A possible DSK departure from the IMF would make the institution less enthusiastic for an approach that has already shown signs of slippage, ineffectiveness and overall fatigue.”

Concurrently, TIME magazine also published similar but contradicting articles that pondered the implications of the DSK scandal on two separate currencies.

Is There Really a Cause for Concern?

At this point, it is hard to tell whether these fears are justified or simply a kneejerk reaction to what undoubtedly was a huge shock to economic and financial observers.

Hours after DSK’s arrest, the general consensus in the news media was on how financial markets were bound to react negatively to the arrest.

Yet the end result proved to be contrary to popular opinion. According to Reuters, since the news of the scandal broke, there has been “little discernible impact” for asset prices and financial markets. In Europe, where most analysts believed that the greatest impact would occur, the stock markets were generally unmoved.

Gavan Nolan, director of credit research at Markit, corroborated the Reuters report.

 

“The news about Dominique Strauss-Kahn is dominating the headlines but having little impact on sentiment in the financial markets. Some have suggested that his potential removal as head of the IMF could derail bailouts for peripheral eurozone countries. But the sovereign market is outperforming today, suggesting that investors see the news as a non-issue.”

The Root of the Fear

Long-term concerns also appear to be based purely on who shall replace DSK rather than on whether DSK’s resignation would impact the economy.

European countries in particular have been adamant on a fellow European to replace DSK by citing the need for an IMF Managing Director who fully understands the current eurozone crisis.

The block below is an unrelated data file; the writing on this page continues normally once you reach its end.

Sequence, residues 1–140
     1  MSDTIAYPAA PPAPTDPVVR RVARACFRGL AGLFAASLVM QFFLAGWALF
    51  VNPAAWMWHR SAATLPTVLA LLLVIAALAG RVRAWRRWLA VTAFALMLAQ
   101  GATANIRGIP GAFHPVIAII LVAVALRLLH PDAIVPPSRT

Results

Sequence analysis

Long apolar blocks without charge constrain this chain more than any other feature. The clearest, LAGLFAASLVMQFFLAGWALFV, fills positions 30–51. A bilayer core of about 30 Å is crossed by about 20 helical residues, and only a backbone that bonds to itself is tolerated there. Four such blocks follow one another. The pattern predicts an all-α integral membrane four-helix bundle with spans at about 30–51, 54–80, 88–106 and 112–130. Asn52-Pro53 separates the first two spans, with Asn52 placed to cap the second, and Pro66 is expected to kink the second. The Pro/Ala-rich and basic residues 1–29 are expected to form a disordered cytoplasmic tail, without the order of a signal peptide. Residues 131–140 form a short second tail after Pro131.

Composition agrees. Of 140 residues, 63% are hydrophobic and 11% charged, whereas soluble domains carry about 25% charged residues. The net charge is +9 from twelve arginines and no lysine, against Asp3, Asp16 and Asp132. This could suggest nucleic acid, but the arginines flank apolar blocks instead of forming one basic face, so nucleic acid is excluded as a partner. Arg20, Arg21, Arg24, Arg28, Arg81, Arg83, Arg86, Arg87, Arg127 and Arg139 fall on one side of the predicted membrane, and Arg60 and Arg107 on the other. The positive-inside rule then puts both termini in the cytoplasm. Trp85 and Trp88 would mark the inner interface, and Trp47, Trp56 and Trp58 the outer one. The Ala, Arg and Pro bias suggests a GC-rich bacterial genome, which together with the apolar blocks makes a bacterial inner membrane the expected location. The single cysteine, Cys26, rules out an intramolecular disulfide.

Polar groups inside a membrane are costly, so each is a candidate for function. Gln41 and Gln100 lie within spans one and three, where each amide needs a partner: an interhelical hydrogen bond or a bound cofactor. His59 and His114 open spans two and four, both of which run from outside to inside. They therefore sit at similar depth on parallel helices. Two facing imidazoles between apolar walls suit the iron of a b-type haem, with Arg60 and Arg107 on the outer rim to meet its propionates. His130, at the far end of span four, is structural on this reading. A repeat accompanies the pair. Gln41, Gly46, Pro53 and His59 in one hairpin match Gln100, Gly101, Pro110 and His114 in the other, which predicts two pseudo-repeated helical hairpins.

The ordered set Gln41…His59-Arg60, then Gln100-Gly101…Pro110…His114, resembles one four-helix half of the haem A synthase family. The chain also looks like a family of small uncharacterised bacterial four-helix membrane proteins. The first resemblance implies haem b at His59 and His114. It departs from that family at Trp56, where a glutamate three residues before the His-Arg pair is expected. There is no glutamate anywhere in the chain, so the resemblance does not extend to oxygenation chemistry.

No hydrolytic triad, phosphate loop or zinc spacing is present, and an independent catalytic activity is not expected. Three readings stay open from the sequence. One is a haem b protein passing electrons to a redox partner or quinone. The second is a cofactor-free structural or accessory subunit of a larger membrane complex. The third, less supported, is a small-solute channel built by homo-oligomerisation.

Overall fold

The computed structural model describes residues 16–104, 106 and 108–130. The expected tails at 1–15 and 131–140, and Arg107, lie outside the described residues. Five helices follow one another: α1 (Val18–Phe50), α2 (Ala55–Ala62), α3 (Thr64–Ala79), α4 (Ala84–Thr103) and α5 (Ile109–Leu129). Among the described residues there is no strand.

This borders on regionalism. To imply that a non-European will not be able to address the “considerable problems of the euro”, as German Chancellor Angela Merkel puts it, is not only insulting to prominent economists from beyond Europe, but also detracts from the significant strides that emerging economies, particularly in Asia and Latin America, have made in enhancing their status in the global economy.

By the European logic, we should have replaced then IMF Managing Director Michel Camdessus with an Asian candidate during the 1997 Financial Crisis. In fact, why stop there? Whenever there’s a financial or economic crisis in any country, let’s just get someone from that country to become IMF Managing Director.

Of course a further argument for a European Managing Director would be to ensure continuity in policies. However, isn’t a meritocratic and transparent process more likely to do so, rather than simply basing it off one’s nationality?

While DSK’s contributions were indeed vital to both the IMF as well as various elements within the global economy, he is neither irreplaceable nor indispensible.

As economist Samvel Avagyan puts it, 

““At the IMF they don’t make individual decisions, decisions there are made in a collegial manner. The change in the leadership cannot bring about an IMF policy change.”

The true concern should not rest on whether DSK’s resignation will have any direct impact on the global economy, but rather on the indirect impact of how decision makers and politicians react in finding a new IMF Managing Director.

What are your concerns regarding Dominique Strauss-Kahn's allegations? Have your say below.

Raymond Tham

EconomyWatch.com